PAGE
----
Perhaps if the borrower is leasing the property and not operating it, or if the lender has relationships with local competitors to that business who would be ready to immediately take over, a private lender may consider it. 

We know a few private lenders that love to lend on hotels because they also own and operate a portfolio of hotels, separate from their lending business. This doesn’t mean that they just loan to own, but they have a deep understanding of the hotel business, and can easily take over operations in case of a foreclosure.

Guidelines for Specialty Property Bridge Loans

Although they are not easy to find, we do have several private lending companies in our network that lend on a variety of specialty commercial properties, including wineries, marinas, schools, hospitals, and even places of worship. The maximum loan-to-value will be much more conservative than a core commercial property. For example, a lender may go up to 70% LTV for a warehouse, but a specialty property would max out at 50% or 60%. If the borrower can pledge another investment property as collateral, that may help get the deal done. 

Interest Rates and Fees for Specialty CRE Bridge Loans

The pricing is typically higher for a specialty property versus a core commercial property. The interest rates for core commercial real estate ranges from 7% to 9.5%. Specialty properties could be in this range as well, but most lenders will price in the range of 9% to 12%. As of late 2021, we are not seeing bridge loan rates go higher than 12%. 

Most lenders charge an origination fee (points) ranging from 1% to 2.5% of the loan amount, for core commercial properties. Specialty properties could be priced higher, ranging from 2% to 3.5%. 

How to Find Bridge Lenders for Specialty Commercial Real Estate

If you’re looking for a private lender to fund a specialty commercial property, use our website as a resource. There is no fee to search, and we have a filter you can use to find out which lenders consider specialty properties.

  1. Start at the Commercial Bridge Lenders page
  2. Type in a state or major metro area, and click SEARCH
  3. Click REFINE RESULTS in the Filters section
  4. Click the PROPERTY TYPE field 
  5. As soon as you select a property type, the search results will be filtered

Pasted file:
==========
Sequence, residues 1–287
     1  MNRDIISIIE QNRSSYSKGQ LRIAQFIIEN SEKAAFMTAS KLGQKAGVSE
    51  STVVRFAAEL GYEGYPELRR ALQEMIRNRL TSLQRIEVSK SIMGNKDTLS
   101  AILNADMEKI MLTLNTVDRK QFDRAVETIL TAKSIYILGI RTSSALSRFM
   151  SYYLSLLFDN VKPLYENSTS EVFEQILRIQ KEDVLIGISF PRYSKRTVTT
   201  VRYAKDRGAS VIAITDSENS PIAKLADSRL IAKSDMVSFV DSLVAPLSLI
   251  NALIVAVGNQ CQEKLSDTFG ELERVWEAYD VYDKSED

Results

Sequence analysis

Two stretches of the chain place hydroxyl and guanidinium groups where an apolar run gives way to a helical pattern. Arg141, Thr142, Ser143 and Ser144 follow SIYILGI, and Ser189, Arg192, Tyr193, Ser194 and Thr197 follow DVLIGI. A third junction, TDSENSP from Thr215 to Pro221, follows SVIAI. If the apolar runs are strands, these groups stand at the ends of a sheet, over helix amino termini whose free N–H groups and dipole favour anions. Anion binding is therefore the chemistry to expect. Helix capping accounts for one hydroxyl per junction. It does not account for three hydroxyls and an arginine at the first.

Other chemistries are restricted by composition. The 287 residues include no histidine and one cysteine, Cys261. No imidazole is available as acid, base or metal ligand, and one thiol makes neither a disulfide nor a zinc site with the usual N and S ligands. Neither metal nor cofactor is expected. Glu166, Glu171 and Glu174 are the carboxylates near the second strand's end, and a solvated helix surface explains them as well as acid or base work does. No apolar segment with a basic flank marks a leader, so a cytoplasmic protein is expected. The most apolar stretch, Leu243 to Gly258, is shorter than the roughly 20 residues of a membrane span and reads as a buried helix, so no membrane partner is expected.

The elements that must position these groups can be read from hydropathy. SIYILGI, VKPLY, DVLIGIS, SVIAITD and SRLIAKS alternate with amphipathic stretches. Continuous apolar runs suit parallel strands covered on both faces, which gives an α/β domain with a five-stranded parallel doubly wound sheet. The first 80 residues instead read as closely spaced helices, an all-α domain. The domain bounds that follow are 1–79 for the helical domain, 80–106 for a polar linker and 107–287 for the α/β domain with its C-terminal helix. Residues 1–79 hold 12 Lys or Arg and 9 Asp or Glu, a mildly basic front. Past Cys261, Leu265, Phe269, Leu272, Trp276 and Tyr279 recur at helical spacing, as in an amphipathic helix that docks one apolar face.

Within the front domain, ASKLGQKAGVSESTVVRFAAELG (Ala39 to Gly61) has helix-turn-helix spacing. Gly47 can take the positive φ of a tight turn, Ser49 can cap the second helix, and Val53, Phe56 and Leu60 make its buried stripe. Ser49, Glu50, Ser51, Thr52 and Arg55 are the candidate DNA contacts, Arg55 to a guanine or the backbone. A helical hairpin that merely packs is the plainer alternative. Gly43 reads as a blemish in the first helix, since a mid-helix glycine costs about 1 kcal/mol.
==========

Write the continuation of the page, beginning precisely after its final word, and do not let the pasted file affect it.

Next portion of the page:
6. View each lender’s profile to learn about their guidelines, pricing and more
  7. Click the green CONTACT button and reach out to the lender directly

The companies listed pay us a monthly advertising fee, so there is no cost to make contact through our website. Please remind each company that you found them on


Avoiding Appraisals for Commercial Property Bridge Loans

When property owners and mortgage brokers ask us for lender recommendations, many want lenders that don’t require appraisals. The reasons are obvious – time and money. Commercial property appraisals can cost thousands of dollars and take 2 to 3 weeks to produce. The cost and schedule can vary depending on the property type, the size, and how busy appraisers are in that particular market.

Due Diligence Deposits

If you find a bridge lender that does not require an appraisal, it will likely save you time, but it may not always save you money. In commercial real estate finance, it’s very common for lenders to collect some sort of payment when the term sheet is signed to cover due diligence costs. This may be structured as a deposit, so that most of the funds go toward actual costs, and whatever amount is left over will be applied toward closing costs or origination fees.

The deposit amount typically ranges from $2,000 to $10,000. It could be higher for complex property types, loans that include multiple properties or large loan amounts over $10,000,000. As soon as the deposit is paid, there is a solid commitment from the borrower, and the lender will get to work right away.

One quick note about deposits and due diligence:
Even lenders that do require a formal appraisal will typically charge a deposit for due diligence on commercial real estate deals. The appraisal fee may be included in the deposit, so that the lender will pay for the appraiser instead of the borrower paying the appraiser directly. I’ll make a separate video to discuss due diligence fees in detail.

In-House Valuations

When a lender does their own in-house valuation, it may take a lot of time and resources, especially for large commercial properties worth over $1 million. There’s more to the valuation process than researching and crunching numbers. The lender will likely want to do a site visit and visual inspection. So you’re paying for airline tickets, a rental car, meals and maybe a hotel room. Even if a lender is local to the property, they may still charge for travel costs and time.

We’ve seen some cases where a lender will pay for a third party inspection in lieu of them doing a site visit, but it’s not very common. Some lenders that do their own valuation may still reach out to a local real estate office to get a Broker Price Opinion. This could be another expense.

If you can find a lender that has a local office within a 1 to 2 hour drive of the property, that could save you some money on the due diligence costs, but you also have to consider the pricing for that loan. Perhaps a national lender would offer better pricing than the local lender, even if the due diligence costs are higher.

Other Considerations When Avoiding Appraisals

For those of you who are adamant about working with a lender that doesn’t require an appraisal, we want to mention a possible scenario that could open up your mind about getting a formal appraisal.

Lenders that do their own in-house valuation may be more conservative on the value than an appraiser. You may be certain the property will appraise for a certain amount, but the lender comes up with a much lower number just because they want to be more conservative. If that happens, you may find yourself in a tough position.